“We are not just measuring physical activity, but we are linking it to a location using small activity monitors and global positioning system devices,” said Philip J. Troped, an assistant professor of health and kinesiology. “A better understanding of how neighborhood environments influence people’s behaviors could help us to get more people to be physically active and healthy.”
For example, a better understanding of where physical activity occurs and the characteristics of those areas could be used to develop more tailored intervention programs or messages to encourage physical activity at those locations, as well as to shape policy for urban planning and transportation systems.
“Research has shown that there is a positive relationship between characteristics of neighborhood-built environments and physical activity, but one of the limitations is that the data have been collected with devices that only measure activity, so assumptions are made that physical activity is mostly happening around where people live – and that may not be the case,” he said.
Such built environments are humanmade and can reflect urban planning features such as how neighborhoods are designed, convenience of trails and parks, width of sidewalks, and the connectivity of transportation routes.
Troped and his research team found that most of the moderate to vigorous physical activity people participated in took place outside a 1-kilometer buffer zone around their home.
When moderate to vigorous physical activity occurred within 1 kilometer of a person’s home, the buffer zone had a higher density of residential housing, more connected streets and a greater mix of residential and commercial land uses, which can allow people to walk to destinations such as stores.
“In future studies using GPS and activity monitors, we will try to move away from a focus on the area where people live to try to better understand the range of locations, near and far from home, where people are active and the characteristics of those environments,” Troped said.
The research team fitted 148 people, ages 19-78, with activity monitors and GPS devices for four days – two weekdays and two weekend days – in the Boston metropolitan area. The activity monitors, also known as accelerometers, record the intensity of activity each minute during a person’s waking hours. As the intensity for each minute increases, such as from walking to running, the activity count for each minute increases. If a person is sitting in a car or just fidgeting, then a low level of activity is reported. The global positioning systems device was worn whenever the individual was outdoors or leaving the home.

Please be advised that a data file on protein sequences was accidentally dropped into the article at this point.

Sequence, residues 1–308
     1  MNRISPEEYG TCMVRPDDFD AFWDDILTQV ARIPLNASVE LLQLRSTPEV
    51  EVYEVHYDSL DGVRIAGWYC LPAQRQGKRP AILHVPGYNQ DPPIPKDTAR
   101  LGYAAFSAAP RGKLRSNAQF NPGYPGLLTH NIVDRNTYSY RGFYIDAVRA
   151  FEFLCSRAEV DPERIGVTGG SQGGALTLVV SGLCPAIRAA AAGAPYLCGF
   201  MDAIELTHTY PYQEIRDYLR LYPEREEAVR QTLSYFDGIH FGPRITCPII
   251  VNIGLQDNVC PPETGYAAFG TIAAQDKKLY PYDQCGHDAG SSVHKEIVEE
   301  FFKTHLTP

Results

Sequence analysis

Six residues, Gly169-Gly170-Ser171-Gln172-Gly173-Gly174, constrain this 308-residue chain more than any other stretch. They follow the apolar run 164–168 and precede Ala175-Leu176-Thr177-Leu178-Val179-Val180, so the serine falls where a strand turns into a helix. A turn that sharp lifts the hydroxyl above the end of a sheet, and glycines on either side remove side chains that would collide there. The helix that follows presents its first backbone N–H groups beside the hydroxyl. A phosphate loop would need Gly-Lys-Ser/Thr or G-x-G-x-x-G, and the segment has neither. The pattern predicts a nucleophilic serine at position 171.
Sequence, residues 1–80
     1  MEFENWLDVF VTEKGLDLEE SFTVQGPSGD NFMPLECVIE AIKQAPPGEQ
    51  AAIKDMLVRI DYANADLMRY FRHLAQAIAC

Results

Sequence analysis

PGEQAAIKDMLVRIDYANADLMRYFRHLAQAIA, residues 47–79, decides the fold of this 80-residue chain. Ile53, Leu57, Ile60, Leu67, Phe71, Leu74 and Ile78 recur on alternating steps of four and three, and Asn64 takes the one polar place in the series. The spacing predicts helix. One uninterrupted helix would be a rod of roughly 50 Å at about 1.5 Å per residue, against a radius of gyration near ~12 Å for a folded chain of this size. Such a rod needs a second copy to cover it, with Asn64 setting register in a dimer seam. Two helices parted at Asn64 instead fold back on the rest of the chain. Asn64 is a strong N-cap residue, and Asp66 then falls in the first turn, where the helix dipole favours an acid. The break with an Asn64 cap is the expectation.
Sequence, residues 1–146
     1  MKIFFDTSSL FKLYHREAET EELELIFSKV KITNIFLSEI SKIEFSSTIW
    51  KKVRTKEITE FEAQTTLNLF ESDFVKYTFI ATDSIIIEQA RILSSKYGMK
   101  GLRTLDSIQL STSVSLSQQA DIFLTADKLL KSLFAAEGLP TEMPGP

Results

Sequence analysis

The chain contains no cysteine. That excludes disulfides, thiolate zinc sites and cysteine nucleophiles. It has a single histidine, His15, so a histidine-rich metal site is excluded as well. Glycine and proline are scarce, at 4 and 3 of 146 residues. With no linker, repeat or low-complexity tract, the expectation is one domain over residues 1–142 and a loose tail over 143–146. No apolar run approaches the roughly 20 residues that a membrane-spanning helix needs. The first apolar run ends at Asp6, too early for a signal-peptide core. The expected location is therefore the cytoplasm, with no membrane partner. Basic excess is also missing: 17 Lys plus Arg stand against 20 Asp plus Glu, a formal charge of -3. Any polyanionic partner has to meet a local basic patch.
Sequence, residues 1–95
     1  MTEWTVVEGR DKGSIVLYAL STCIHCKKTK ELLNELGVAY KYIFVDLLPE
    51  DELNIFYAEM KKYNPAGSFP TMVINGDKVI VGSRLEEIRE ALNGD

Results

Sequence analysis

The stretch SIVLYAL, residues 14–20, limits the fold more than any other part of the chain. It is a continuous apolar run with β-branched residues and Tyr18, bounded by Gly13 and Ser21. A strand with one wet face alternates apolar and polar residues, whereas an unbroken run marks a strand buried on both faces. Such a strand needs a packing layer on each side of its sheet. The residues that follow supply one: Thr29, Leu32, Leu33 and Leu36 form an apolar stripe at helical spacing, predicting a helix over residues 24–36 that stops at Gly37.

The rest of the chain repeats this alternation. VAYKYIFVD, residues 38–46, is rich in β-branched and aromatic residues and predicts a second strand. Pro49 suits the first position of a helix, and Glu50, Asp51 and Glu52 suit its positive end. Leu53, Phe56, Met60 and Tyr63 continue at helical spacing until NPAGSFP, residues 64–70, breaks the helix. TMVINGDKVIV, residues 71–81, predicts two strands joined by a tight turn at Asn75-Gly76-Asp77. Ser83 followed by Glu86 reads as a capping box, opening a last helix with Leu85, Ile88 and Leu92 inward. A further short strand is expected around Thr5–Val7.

The findings were published in April’s American Journal of Preventive Medicine.
“We are really just scratching the surface on this type of research, but it’s a start,” Troped said. “More work needs to be done to identify areas where people are physically active and better understand the qualities of those areas that attract people to them. We also need to learn how this might differ by age and racial and ethnic background so we can use this information to develop interventions for different audiences.”
In addition to Troped, the research team was composed of Jeffrey S. Wilson of Indiana University-Purdue University Indianapolis: Charles E. Matthews of the National Cancer Institute: Ellen K. Cromley of the Institute for Community Research in Hartford, Conn.; and Steven J. Melly of the Harvard School of Public Health.
The study was supported with funding from the Active Living Research Program, The Robert Wood Johnson Foundation and Purdue’s College of Liberal Arts.
Writer: Amy Patterson Neubert, 765-494-9723, email@example.com
Source: Philip Troped, 765-496-9486, firstname.lastname@example.org
Note to Journalists: Journalists interested in a copy of the journal article can contact Amy Patterson Neubert, Purdue News Service, 765-494-9723, email@example.com